If the dam were removed, or if a fish passage structure were built, the completion of either project would trigger requirements for fish passage systems at two other dams above the city -- the Augusta Diversion Dam at the canal headgates, and the Stevens Creek hydroelectric dam owned by South Carolina Electric & Gas Co.

Both upstream dams are under pressure from the Federal Energy Regulatory Commission to provide fish passage, but both were allowed to place such projects on hold until such time as fish can move past New Savannah Bluff, which currently blocks most upstream migration.

Timeline

APRIL 26, 1816: Commercial shipping on the Savannah River is born with the launch of the Enterprise, a steamboat owned by businessman Samuel Howard.

1820 TO THE 1850s: As many as 20 commercial steamers travel the river, departing Augusta almost daily with up to 1,000 bales of cotton.

1850s to 1900: River commerce dwindles as railroads haul more cargo and passengers.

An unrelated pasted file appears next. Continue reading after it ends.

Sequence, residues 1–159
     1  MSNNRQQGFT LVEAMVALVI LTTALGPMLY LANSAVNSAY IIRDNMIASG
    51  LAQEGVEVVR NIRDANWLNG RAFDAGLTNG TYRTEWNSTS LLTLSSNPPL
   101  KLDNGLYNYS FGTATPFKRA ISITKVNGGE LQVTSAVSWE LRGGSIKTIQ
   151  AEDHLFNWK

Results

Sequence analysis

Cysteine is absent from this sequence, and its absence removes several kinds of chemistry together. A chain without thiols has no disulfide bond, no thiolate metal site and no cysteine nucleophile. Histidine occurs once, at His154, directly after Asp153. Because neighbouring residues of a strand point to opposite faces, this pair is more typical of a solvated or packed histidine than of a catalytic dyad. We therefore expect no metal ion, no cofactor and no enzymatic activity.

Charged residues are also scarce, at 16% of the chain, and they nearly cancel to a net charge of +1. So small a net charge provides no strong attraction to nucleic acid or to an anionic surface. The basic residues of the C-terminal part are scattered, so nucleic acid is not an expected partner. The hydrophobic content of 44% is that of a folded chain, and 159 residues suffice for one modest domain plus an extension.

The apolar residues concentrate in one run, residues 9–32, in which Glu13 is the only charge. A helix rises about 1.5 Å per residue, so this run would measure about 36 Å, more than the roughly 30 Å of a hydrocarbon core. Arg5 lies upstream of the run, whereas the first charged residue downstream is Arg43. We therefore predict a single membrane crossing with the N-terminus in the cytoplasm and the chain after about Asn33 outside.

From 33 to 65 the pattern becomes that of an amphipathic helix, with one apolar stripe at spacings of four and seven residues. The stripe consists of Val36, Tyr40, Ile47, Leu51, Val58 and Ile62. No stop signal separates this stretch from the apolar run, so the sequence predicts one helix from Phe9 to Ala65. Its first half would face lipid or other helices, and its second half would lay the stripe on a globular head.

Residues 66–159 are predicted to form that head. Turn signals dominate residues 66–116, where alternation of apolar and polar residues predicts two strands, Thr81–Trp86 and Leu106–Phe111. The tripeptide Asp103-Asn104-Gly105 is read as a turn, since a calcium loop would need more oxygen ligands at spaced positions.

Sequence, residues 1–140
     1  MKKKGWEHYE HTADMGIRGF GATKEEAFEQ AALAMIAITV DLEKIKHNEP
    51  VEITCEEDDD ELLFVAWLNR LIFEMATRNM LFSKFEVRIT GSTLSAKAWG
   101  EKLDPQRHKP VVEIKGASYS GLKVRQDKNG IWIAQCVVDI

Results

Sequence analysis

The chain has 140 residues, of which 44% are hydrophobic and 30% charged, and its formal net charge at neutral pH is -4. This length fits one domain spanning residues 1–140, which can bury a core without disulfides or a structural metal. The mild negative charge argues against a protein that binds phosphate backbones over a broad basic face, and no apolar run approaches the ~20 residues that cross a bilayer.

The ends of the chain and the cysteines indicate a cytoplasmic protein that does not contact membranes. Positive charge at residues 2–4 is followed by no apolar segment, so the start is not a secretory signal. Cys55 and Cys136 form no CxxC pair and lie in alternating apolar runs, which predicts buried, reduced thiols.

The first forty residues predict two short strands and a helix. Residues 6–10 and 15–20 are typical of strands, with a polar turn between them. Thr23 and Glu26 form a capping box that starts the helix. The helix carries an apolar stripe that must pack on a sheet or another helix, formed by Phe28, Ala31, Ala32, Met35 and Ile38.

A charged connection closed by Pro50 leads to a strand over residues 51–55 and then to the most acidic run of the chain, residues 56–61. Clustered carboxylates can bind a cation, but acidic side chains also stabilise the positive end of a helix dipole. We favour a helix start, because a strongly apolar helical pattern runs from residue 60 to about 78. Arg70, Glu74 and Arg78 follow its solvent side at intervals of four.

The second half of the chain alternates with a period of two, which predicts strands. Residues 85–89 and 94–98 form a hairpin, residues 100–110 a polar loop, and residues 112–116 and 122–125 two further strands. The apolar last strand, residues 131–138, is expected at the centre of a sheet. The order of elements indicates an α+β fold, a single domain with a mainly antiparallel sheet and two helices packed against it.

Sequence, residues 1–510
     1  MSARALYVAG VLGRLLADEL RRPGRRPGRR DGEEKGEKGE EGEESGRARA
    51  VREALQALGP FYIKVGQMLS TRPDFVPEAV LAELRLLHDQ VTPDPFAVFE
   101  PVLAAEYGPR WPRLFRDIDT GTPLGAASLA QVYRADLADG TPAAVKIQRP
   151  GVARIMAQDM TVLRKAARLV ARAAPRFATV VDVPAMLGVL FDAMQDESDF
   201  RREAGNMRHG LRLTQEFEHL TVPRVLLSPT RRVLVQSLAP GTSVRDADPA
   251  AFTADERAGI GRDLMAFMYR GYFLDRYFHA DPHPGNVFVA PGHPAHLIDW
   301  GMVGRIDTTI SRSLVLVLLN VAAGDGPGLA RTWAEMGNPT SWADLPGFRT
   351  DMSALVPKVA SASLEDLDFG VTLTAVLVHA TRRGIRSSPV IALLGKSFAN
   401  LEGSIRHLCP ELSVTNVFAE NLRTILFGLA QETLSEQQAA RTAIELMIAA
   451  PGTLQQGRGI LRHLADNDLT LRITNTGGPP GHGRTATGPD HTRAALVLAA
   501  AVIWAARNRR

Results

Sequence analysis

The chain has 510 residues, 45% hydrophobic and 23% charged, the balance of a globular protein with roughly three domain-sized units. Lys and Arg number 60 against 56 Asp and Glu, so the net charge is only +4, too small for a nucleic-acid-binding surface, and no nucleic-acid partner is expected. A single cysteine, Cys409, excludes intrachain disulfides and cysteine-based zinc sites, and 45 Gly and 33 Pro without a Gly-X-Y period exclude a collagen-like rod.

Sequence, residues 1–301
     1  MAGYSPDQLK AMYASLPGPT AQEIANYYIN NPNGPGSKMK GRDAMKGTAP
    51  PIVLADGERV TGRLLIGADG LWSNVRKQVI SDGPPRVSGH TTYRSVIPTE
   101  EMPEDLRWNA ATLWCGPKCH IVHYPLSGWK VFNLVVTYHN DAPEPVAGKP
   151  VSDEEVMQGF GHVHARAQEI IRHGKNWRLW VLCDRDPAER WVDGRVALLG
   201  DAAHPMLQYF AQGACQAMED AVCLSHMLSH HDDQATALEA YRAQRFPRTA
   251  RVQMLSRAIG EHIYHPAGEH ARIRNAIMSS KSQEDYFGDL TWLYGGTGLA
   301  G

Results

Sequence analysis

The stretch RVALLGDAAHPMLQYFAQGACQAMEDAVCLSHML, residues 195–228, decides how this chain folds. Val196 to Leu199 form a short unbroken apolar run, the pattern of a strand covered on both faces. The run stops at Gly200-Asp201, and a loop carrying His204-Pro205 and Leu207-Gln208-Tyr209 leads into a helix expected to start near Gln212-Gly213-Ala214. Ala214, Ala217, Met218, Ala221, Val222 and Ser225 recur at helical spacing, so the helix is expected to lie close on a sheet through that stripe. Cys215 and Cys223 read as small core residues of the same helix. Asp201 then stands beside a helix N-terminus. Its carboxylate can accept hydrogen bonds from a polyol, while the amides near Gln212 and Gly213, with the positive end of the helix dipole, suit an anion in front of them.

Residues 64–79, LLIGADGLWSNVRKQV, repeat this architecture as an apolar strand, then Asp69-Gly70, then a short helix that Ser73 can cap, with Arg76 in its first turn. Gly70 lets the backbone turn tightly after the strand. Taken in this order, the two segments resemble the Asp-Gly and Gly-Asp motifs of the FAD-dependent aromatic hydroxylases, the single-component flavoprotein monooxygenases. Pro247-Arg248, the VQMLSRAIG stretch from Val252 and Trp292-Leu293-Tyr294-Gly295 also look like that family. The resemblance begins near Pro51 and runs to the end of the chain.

1927: Congress authorizes New Savannah Bluff Lock & Dam.

1937: New Savannah Bluff Lock & Dam is dedicated.

1950s: Oil and timber barges use the lock regularly.

1960s: Commerce dwindles and the use of the lock decreases.

1979: In the absence of commercial traffic, the corps ceases all maintenance on the river channel and the lock and dam.

1986: The corps announces plans to close the lock, but Augusta officials want it kept open and agree to renovate and lease the nearby park.

2000: A federal study recommends the lock be dismantled and removed, and an experimental draw-down imitating a low-flow 100-year drought is conducted to illustrate how the river might look.

2001: Local governments agree to assume ownership of the project if Congress would finance repairs, estimated at that time to cost $6.8 million, compared with $5.3 million for demolition.